Democracy is good. More democracy is almost always better and in the public interest.
Usually. But 2020 is different, you may have noticed and there’s no good public-serving reason to be found for British Columbians to head to the polls this fall for a provincial election.
The only reasons are partisan and self-interested politics of the sort the NDP previously derided their opponents for practising.
By now it seems to be an open secret that the NDP intends to call a snap election this fall. Ridings are lining up candidates, and MLAs who intend on stepping away from politics have been told to make it official.
Maybe, at some point, the party will come up with a good reason why it might trigger an election, but I doubt it.
I certainly haven’t been able to think up a good reason why the BC NDP can’t continue to govern as they have for the past three years. Things are rolling along smoothly, and if the BC Liberals don’t want an election – and they don’t – the government isn’t going to lose a confidence vote.
Of course, it’s easy to see why Premier John Horgan might think it’s in his and his party’s political interests to call an election now. Both Horgan and his government are as popular as they have ever been. They were doing a good enough job before COVID-19 hit, and the province’s response during the pandemic has been lauded. It hasn’t been perfect, by any means, but it’s been enough to push the party well above the BC Liberals in the polls.
The BC Liberals, meanwhile, struggled to figure out how to act in opposition. And while they’ve carried themselves well during the pandemic, being in opposition means they can’t take credit for much more than being supportive of public health measures.
If those polls were to hold until election day, Horgan could look forward to four years of a majority the likes of which he couldn’t dream of a year ago.
So, yeah, there’s a political reason to hold an election. And, yes, they probably have the legal right to do so. But that doesn’t make it morally right.
In normal times, political reasons for elections can dovetail with the public interest. It’s important our governments reflect the public’s will, so it’s good when voters get a chance to express that will at the ballot box. Doing so is how we link the public with government. Elections are also a time for the public and politicians to debate new ideas, and for the media to examine the records of politicians.
But we already have a government that reflects the public’s will. It’s not like the Green Party is driving the bus at the current moment. Our NDP government can do pretty much what it wishes and govern like it has a majority. It doesn’t need a dozen more backbenchers in the legislature.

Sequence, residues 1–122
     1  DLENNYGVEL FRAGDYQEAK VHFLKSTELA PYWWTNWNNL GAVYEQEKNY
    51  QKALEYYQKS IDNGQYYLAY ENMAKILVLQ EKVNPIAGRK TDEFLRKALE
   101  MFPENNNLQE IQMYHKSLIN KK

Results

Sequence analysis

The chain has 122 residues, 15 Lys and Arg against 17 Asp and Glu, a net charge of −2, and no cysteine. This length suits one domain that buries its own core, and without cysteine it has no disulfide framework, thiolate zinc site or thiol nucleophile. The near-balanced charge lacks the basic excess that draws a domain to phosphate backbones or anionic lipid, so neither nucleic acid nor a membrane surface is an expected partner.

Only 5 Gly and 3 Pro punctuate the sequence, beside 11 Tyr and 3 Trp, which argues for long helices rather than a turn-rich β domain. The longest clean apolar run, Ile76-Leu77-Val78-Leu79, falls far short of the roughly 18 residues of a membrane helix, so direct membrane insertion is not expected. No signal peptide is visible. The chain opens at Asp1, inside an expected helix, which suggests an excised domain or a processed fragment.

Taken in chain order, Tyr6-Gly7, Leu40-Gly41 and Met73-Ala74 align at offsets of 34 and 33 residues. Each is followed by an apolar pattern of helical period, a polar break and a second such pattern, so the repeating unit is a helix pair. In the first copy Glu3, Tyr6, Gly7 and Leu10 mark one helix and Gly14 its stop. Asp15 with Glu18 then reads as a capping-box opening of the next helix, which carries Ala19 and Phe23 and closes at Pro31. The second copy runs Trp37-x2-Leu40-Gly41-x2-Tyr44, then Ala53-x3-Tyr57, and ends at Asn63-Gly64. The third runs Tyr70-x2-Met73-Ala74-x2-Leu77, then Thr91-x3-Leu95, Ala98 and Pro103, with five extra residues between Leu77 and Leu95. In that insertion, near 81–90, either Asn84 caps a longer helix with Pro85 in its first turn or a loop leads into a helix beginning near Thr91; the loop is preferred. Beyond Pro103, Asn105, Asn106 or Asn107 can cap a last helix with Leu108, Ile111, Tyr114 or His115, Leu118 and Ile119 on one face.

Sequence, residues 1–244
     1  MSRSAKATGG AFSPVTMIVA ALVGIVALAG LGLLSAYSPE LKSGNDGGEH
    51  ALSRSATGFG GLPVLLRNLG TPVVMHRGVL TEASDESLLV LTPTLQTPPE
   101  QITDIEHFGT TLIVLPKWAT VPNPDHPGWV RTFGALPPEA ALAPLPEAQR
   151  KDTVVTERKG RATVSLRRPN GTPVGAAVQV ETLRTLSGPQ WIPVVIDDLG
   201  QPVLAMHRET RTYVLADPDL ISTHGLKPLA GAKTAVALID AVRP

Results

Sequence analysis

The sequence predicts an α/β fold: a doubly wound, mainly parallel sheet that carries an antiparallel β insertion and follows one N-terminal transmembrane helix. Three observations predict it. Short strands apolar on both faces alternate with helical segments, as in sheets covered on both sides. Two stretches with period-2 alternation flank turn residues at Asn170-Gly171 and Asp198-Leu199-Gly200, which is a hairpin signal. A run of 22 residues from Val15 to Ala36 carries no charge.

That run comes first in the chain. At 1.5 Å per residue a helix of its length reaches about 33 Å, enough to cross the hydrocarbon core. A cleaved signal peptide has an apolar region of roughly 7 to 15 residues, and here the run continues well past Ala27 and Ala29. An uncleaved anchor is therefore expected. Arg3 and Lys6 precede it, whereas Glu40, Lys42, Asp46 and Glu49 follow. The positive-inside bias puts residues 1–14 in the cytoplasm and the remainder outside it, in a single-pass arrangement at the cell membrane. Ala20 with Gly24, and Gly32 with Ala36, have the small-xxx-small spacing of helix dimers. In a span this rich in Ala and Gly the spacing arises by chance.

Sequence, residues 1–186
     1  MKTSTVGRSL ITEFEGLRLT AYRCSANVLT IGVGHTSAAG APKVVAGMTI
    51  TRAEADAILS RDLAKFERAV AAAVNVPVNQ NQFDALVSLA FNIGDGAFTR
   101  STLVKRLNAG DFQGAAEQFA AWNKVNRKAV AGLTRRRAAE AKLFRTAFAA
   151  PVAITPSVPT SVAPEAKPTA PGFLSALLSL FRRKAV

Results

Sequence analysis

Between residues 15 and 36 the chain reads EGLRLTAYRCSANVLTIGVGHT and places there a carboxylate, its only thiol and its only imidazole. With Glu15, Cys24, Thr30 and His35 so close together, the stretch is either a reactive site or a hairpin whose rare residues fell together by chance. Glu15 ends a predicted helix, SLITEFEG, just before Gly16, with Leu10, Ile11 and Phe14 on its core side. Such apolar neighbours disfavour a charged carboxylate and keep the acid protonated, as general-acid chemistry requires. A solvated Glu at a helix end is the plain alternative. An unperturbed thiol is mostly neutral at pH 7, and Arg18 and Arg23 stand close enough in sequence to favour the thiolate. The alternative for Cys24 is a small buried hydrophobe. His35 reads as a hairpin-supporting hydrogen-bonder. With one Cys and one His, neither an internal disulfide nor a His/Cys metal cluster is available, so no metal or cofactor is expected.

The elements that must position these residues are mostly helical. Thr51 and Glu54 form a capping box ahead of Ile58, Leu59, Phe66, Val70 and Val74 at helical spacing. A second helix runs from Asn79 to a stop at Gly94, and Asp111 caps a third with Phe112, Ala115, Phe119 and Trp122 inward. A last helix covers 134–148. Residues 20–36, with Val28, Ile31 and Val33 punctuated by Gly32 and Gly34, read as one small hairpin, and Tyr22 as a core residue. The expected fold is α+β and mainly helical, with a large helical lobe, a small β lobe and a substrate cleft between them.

Even so, an election would be tolerable in a normal environment. But 2020 isn’t normal.
An election this fall isn’t only needless, it will be held under circumstances that make it all but useless in terms of the above benefits for the public, even assuming that campaigning and voting can happen in a relatively safe manner.
The ideas up for debate will be minimal. Everything will be about the pandemic and the government’s response to it. Traditional campaigning is pretty much impossible. And the media, through which many of those discussions occur, will have limited time to provide the coverage that elections deserve. Its attention, and that of the public, will be on the very latest public health responses to COVID-19, not on what your local candidate thinks about, say, agriculture or forestry. (That’s not even to speak of the significant job losses that have hit media outlets during the pandemic.)
There’s just no reason an election shouldn’t wait until next year.
Maybe Horgan will come to his senses. Or maybe he will realize that he faces the risk of a substantial backlash if he calls an election that the public deems unnecessary and – fairly or not – risky during a pandemic. One thing is for sure, few things would be more in keeping with this stupid, stupid year than an election that turns on how people feel about the calling of that election. Indeed, maybe it’s inevitable; in 2020, if something can go wrong, it probably will.
Tyler Olsen is a reporter at the Abbotsford News.
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